Tuesday, June 5, 2018

Outstanding LGBT Science Fiction & Fantasy of 2017

June is Pride Month, and here are 34 outstanding stories with LGBT characters from 2017 that were either finalists for major SF/F awards 🏆, included in "year's best" SF/F anthologies 📙, or recommended by prolific reviewers 👍 in short fiction (see Q&A).

This list could be useful for making nominations for the 2018 Gaylactic Spectrum Awards for Best Short Fiction (published in 2010-2017). Anyone can nominate through June 30, 2018. Stories from 2017 are below. See Outstanding LGBT Science Fiction & Fantasy of 2015-2016 for earlier stories.

As always, our focus is on the stories, not the authors. These are stories with memorable LGBT characters—not necessarily stories by noted LGBT authors. These include stories in which a key character merely happens to be an LGBT person as well as stories where the LGBT angle is crucial to the plot.

Note that we can only list a story under one category due to a current limitation of our database schema and dynamic table script. If a story could fall under more than one category, we try to choose the one that's most important to the story.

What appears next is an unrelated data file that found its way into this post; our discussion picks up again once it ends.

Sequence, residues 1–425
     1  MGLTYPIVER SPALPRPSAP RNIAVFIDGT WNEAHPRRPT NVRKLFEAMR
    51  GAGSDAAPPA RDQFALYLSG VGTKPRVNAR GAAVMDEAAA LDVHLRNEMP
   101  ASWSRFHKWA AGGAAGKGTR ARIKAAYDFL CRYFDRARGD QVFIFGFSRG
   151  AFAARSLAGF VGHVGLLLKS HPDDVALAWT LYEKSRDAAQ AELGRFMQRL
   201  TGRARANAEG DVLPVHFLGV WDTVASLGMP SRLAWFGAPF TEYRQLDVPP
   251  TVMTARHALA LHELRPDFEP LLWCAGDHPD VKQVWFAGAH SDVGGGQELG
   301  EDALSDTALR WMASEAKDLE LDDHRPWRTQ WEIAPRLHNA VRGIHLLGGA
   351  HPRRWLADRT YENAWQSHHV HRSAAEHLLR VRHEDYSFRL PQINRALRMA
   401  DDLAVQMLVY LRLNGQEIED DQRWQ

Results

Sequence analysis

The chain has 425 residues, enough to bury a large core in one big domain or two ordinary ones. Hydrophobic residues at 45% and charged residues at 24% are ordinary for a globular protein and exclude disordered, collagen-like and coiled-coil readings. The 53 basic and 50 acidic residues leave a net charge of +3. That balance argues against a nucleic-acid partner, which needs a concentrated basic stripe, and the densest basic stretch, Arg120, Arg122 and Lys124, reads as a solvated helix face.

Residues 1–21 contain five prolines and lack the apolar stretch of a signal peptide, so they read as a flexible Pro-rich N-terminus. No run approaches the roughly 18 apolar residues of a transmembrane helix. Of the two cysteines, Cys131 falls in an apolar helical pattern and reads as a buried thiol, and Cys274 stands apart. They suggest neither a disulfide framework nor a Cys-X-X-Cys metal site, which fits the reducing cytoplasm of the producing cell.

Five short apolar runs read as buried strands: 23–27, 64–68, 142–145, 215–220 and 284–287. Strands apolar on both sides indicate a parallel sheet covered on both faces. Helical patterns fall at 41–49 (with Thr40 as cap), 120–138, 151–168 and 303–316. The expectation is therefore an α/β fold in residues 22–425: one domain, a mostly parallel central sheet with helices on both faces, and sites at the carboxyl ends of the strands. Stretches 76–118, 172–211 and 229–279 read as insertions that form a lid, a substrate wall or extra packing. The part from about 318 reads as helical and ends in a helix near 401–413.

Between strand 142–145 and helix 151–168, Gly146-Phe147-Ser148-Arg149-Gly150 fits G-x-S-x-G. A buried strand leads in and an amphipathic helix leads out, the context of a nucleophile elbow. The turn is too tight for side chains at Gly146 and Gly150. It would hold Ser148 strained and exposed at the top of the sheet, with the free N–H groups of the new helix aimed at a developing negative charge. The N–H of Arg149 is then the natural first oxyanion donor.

If you see any mistakes (even if you're an author), please let us know in the comments. Thank you.

1. Observations

  • 15 are Lesbian, 8 are Gay, 3 are Bisexual, 8 are Trans/NB.
  • 23 of the 34 stories are free online.
  • 16 of the stories earned 33 of the 82 available finalist slots for the Eugie (1/5), Hugo (9/18), Locus (11/30), Nebula (8/18), and Sturgeon (4/11) awards. That's 40% of the award finalist slots even though LGBT stories were only 10% of all stories reviewed by RSR in 2017 (81 out of 810) and 35% of award finalist stories (16 out of 45).
  • Authors with the most stories here are JY Yang (3), Indrapramit Das (2) and Sarah Pinsker (2).
  • Three of the stories were written by Campbell Award-eligible writers.
  • Prolific reviewers with the most recommendations here are RSR (15), RHorton (8) and STomaino (8).

2. Background

RSR co-editors Greg and Eric have been a couple for 22 years, and Greg was an activist from 1979 to 2007 or so (GLAAD/SFBA in 1993). While representing LGBT employees at Microsoft, Greg’s biggest achievement as an activist was influencing Microsoft during 2005-2006 to add “gender identity” to its nondiscrimination policy and to amend its employee handbook to give HR sensible directions on helping employees who transition.

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